Cloned Cow Gives Birth
By David Bauman
Amy, the first farm animal in the United States cloned from non-reproductive cells, has given birth to a healthy 103-pound bull calf.
The calf named "Fina-Lee" was born at the Kellogg Dairy Center April 16.
"Amy finally gave birth to her own calf," said Xiangzhong (Jerry) Yang, professor of animal science and director of UConn's Center for Regenerative Biology. He explained that the famous Holstein heifer had failed to conceive in four previous breeding attempts by artificial insemination and finally conceived by natural mating.
"It was easy coming up with the name for the newborn calf," he said.
The normal birth of Fina-Lee, and of three other calves born to each of Amy's three surviving clone sisters, adds to the mounting evidence that farmers may be able to create copies of champion milk-producing cows and animals that are particularly resistant to disease. Yang said cloning also offers the possibility of deleting undesired genes, such as the "mad-cow" gene.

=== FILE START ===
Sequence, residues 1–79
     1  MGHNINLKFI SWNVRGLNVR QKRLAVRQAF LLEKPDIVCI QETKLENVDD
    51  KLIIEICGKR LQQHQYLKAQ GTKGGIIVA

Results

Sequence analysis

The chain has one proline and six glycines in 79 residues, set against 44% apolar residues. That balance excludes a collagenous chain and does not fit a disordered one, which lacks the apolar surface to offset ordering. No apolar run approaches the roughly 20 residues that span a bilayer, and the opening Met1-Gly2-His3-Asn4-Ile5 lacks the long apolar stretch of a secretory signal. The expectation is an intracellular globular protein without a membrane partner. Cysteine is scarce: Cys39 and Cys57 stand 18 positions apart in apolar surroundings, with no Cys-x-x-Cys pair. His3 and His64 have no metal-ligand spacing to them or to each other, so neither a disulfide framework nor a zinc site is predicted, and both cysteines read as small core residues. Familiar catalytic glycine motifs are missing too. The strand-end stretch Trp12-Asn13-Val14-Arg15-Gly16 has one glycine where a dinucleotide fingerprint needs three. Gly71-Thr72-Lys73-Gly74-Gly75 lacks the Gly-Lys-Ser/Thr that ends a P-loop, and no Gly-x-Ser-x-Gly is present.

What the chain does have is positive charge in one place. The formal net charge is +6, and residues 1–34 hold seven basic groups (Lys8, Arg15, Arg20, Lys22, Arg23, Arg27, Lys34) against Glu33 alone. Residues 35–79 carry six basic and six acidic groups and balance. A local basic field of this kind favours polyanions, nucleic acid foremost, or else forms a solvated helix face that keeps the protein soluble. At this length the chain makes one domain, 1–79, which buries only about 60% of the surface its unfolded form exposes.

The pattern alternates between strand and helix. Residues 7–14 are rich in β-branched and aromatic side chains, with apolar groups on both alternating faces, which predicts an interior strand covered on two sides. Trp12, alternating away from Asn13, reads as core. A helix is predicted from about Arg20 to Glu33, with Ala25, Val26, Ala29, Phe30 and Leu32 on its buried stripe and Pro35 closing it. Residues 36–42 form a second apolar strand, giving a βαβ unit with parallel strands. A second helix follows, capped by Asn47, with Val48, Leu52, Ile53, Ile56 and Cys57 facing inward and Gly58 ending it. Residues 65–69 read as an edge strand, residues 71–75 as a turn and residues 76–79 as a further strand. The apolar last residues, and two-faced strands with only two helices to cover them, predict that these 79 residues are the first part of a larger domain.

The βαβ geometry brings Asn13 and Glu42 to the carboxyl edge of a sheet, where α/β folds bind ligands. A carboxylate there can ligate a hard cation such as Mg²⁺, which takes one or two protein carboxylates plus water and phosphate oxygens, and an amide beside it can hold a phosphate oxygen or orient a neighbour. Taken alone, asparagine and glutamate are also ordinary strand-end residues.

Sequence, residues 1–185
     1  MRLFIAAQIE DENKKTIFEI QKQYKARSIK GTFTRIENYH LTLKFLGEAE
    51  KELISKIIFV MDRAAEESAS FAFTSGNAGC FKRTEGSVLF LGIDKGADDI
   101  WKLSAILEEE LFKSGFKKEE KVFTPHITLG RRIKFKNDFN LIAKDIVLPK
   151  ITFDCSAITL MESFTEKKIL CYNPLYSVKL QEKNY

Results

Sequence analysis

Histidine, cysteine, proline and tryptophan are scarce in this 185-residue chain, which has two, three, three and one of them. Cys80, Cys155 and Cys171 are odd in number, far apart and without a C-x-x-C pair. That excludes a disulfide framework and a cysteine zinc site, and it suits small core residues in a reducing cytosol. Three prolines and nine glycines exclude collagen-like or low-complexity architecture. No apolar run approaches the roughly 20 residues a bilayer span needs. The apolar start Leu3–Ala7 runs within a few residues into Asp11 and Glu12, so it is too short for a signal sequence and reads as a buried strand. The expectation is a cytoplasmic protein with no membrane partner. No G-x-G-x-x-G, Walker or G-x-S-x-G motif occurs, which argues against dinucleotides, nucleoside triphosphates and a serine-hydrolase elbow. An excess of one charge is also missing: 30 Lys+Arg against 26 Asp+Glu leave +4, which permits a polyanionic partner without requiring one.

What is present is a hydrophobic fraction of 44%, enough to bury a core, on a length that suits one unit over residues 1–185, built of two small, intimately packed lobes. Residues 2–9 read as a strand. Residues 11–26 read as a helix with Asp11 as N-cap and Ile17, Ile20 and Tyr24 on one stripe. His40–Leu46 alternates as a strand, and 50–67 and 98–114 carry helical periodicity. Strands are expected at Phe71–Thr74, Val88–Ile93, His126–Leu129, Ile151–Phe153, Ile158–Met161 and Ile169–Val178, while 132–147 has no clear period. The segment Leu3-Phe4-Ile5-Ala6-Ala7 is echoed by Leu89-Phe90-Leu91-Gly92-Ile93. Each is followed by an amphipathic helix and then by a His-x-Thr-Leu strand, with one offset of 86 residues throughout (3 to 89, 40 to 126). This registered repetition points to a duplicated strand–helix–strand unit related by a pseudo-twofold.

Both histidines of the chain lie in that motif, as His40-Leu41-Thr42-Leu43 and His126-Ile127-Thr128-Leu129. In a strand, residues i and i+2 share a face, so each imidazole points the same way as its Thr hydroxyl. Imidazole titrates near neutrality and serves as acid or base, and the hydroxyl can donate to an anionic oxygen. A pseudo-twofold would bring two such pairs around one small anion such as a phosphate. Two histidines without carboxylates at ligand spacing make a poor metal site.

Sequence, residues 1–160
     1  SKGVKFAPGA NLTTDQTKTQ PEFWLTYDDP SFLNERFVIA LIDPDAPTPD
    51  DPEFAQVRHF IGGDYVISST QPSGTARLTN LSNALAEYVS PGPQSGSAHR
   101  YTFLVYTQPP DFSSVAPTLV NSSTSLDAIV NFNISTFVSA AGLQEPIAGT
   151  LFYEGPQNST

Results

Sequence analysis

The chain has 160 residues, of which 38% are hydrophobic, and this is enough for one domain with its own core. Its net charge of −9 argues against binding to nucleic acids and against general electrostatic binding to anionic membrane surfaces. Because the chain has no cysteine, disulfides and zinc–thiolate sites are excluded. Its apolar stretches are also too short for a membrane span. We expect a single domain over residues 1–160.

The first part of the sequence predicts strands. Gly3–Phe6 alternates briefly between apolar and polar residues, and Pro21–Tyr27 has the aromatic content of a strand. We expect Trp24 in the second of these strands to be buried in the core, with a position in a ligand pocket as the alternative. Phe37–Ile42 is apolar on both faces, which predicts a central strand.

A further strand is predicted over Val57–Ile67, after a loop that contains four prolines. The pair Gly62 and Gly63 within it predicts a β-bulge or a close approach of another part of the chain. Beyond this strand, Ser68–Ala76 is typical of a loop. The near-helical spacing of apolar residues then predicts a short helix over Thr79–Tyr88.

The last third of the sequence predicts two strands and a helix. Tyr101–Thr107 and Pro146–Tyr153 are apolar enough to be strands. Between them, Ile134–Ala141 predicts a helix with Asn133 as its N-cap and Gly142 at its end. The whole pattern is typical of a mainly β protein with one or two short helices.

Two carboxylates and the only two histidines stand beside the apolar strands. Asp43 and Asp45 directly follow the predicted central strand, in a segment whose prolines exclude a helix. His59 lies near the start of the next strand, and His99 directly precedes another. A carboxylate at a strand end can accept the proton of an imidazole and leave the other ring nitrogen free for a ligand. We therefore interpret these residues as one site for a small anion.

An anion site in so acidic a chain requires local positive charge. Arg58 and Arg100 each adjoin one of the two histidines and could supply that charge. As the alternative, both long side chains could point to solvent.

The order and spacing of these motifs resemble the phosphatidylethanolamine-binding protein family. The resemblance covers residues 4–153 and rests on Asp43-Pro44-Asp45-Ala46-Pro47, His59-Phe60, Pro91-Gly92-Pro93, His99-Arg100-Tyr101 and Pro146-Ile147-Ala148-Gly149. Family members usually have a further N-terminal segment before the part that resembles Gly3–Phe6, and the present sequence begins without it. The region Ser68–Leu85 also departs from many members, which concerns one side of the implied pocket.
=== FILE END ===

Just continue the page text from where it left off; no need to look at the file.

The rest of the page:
Amy was well known as America's first clone from an adult farm animal. She was created from the somatic cell cloning of an elite Holstein cow, Aspen, now over 15 years of age, who had long passed her reproductive age. Aspen, who produced approximately 35,000 pounds of milk per year, gave birth eight times but produced only one heifer.
The first of 10 clone sisters (six have died) all created from somatic cells taken from Aspen, Amy was born on June 10, 1999 from an embryo implanted in a surrogate mother.
Amy's three younger clone sisters - Betty, Cathy and Daisy - each gave birth to a calf in June 2001.
Yang ascribes Amy's difficulties in conceiving to individual variation, as her sister clones were cloned by the same protocol and from the same genotype.
With all four clones now lactating, it remains to be seen whether their milk production will be as high as that of their genetic mother Aspen.